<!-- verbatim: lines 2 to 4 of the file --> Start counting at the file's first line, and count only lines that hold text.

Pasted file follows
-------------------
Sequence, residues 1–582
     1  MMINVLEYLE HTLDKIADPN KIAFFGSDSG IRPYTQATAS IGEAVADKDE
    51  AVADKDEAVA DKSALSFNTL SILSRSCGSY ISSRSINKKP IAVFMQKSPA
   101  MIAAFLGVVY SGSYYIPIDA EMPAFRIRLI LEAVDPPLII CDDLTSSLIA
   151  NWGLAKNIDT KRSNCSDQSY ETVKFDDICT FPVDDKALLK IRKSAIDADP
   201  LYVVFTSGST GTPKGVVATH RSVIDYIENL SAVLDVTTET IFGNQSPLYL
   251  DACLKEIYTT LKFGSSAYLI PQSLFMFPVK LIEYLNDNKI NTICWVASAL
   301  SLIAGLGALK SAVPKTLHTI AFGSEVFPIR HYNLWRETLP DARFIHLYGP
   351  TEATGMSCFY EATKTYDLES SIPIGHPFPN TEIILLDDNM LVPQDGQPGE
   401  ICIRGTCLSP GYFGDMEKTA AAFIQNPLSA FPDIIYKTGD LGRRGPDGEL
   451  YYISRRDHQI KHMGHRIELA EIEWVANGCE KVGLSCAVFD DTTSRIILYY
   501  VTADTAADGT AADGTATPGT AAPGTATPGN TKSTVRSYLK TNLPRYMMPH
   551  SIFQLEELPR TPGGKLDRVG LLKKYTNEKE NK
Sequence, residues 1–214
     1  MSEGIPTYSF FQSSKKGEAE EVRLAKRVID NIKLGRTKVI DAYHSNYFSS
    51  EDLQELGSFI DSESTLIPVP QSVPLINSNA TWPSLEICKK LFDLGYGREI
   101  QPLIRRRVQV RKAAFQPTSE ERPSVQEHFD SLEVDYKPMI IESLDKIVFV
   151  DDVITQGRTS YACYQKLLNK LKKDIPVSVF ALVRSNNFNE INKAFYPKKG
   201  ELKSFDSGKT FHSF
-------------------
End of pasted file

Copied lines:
     1  MMINVLEYLE HTLDKIADPN KIAFFGSDSG IRPYTQATAS IGEAVADKDE
    51  AVADKDEAVA DKSALSFNTL SILSRSCGSY ISSRSINKKP IAVFMQKSPA
   101  MIAAFLGVVY SGSYYIPIDA EMPAFRIRLI LEAVDPPLII CDDLTSSLIA